Improving teaching quality: Issues and policies. The school community also tackled the reading issue from multiple direc-tions, putting into place a reading lab and a reading-across-the-curriculumprogram and hiring a reading coach for the content teachers. Match Mentors with New Staff Near the beginning of the next school year, the steering committee metagain to match new staff members with mentors. Facilitating a Supportive School Context Of all the efforts effective principals undertake to support new teachers,building and sustaining a supportive school culture may be the most elusive. For the mostpart, the activities are closely connected to practice. The book is divided into five sections:.
Edward Britton phone:650-381-6416; e-mail: tbritto wested. States respond quickly by developingand implementing new incentive and training programs to attract more teach-ers to the profession. New teachers are welcomed and initiated with various degrees of cere-mony, and they experience a wide variety of formal or informal proceduresintended to help them meet the challenges of this beginning. Get Administrators on Board First, I approached key administratorsthe superintendent and princi-pals of the districts two schoolswith my idea. He had come to teaching after 30 years asa lawyer, having recently earned a masters degree and teaching certificatefrom a traditional teacher education program. These schools, or sub-units within schools, encouraged ongoing professional exchange across expe-rience levels and sustained support and development for all teachers. If everything goes well, the new teacherwill eventually become a full and contributing member of the staff.
But she just didnt have the time tocome in and observe me and really talk with me practically about the thingsthat I could do in here. Im talk-ing about the involvement of teachers in the life of their schools, theircommunities, their kids, and the decisions about curriculum. Journal of Latinos and Education, 6 1 , forthcoming January 2007. Only through experiencing the complexity of the classroomdoes a teacher learn. But promis-ing teachers and experts are learning each year. Our two full-time consultants are master teachers who have been releasedfrom classroom responsibilities for at least three years and work with 15 to 20 teachers who are at any stage of their careers. Retaining Quality TeachersResearchers have compared the teaching profession to a revolving door U.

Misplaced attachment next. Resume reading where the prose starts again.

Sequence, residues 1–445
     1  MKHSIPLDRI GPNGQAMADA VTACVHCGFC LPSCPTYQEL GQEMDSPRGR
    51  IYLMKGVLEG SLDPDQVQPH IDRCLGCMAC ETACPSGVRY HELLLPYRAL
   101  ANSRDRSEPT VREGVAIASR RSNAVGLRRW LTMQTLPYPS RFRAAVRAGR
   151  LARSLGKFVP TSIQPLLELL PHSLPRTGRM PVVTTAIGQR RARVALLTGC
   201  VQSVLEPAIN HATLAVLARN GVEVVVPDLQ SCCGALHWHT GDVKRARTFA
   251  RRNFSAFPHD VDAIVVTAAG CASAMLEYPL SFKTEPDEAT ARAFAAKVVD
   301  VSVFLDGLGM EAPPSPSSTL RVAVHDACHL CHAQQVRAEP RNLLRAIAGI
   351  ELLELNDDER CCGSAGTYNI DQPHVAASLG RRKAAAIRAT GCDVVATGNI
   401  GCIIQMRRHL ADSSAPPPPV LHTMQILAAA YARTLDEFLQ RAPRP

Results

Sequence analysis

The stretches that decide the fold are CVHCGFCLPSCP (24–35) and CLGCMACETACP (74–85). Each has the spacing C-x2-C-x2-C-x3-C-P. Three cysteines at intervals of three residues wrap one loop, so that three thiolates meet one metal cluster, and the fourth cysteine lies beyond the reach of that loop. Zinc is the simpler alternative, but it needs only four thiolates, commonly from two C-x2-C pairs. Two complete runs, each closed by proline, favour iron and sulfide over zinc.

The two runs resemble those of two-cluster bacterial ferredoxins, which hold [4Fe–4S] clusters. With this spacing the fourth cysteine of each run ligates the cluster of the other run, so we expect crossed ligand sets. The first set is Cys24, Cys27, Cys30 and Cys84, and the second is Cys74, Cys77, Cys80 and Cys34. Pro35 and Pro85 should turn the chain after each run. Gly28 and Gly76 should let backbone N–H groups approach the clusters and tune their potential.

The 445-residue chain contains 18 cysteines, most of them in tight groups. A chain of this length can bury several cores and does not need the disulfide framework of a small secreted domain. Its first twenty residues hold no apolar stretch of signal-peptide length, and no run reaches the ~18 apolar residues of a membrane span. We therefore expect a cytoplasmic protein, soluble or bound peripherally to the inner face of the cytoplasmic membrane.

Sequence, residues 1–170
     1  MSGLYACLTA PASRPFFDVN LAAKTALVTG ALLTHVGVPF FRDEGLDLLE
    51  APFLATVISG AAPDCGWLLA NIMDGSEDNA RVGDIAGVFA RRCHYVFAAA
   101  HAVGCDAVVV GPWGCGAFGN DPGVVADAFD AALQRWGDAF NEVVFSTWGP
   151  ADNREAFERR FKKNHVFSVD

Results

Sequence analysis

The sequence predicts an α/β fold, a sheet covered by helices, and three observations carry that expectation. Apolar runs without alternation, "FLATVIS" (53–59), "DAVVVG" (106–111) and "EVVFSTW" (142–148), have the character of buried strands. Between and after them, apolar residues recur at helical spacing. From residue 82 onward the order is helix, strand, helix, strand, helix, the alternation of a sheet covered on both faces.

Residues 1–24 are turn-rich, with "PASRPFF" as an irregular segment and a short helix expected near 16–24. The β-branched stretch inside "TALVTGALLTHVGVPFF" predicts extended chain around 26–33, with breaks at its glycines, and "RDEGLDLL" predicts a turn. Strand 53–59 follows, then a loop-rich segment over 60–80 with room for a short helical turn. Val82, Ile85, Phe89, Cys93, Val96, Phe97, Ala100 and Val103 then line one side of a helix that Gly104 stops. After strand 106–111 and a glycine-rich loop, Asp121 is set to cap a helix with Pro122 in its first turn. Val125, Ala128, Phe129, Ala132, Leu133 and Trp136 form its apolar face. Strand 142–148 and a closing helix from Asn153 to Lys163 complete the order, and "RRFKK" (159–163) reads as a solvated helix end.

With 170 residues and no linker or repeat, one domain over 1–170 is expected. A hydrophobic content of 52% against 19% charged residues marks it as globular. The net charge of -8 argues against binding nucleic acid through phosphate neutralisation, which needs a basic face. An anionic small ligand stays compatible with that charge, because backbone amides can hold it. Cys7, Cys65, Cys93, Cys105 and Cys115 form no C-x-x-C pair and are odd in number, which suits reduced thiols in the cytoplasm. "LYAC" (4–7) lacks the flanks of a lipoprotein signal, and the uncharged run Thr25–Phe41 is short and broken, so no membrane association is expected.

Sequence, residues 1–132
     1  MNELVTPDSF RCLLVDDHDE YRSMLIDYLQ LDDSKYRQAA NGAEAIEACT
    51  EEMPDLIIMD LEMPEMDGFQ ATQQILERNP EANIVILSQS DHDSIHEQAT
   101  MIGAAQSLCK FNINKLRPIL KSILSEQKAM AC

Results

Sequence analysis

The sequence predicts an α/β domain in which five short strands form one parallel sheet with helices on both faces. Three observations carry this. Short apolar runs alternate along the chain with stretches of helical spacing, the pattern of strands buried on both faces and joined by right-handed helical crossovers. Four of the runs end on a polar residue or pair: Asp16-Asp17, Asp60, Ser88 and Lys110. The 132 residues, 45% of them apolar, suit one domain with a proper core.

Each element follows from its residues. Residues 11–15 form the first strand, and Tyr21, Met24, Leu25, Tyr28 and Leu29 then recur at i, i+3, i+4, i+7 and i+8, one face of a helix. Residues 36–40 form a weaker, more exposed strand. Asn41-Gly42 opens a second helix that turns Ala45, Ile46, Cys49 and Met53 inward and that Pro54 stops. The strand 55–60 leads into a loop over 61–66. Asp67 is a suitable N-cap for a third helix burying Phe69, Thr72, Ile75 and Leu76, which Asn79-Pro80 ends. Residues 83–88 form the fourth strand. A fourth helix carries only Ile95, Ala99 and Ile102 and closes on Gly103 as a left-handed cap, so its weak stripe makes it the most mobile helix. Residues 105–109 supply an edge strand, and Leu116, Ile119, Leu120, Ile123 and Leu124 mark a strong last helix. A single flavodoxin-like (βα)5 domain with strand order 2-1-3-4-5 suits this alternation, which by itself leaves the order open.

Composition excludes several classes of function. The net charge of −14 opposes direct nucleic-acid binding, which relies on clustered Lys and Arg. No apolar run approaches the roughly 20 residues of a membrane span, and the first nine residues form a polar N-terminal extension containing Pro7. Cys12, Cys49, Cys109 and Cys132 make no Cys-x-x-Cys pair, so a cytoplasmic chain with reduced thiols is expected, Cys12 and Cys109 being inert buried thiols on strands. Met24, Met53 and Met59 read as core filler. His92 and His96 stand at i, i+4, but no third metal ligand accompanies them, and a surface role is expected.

The current cohort of new teachers includes both the 22-year-oldsentering teaching as a first career, and the midcareer switchers who have leftwhat they found to be unfulfilling work in such careers as sales, law, or engi-neering. Another mentor helps a beginner learn to take on the diverseduties of a class director. More than 80 per-cent of students last year passed all 11 of the states standardized exit exams, IntroductionAchieving Staying Power Marge Scherer KeepingGoodTeachers pages. Teachers have participated in symposiums on teach-ing high school youth and on teaching reading to an immigrant population. National Commission on Teaching and Americas Future.
Teacher turnover and teacher quality: The recurring myth ofteacher shortages. His observa-tions of extraordinary teachers had profound implications for teacher training. Know Why, Know How, Know Whom: Stepping-Stones to Success for Second-Career Teachers— by Gail A. Cambridge: Harvard Educational Review, 1999, pp. Teacher turnover can also undermine schools efforts to implementreforms; successful school reform requires sustained and shared commitmentby school staff.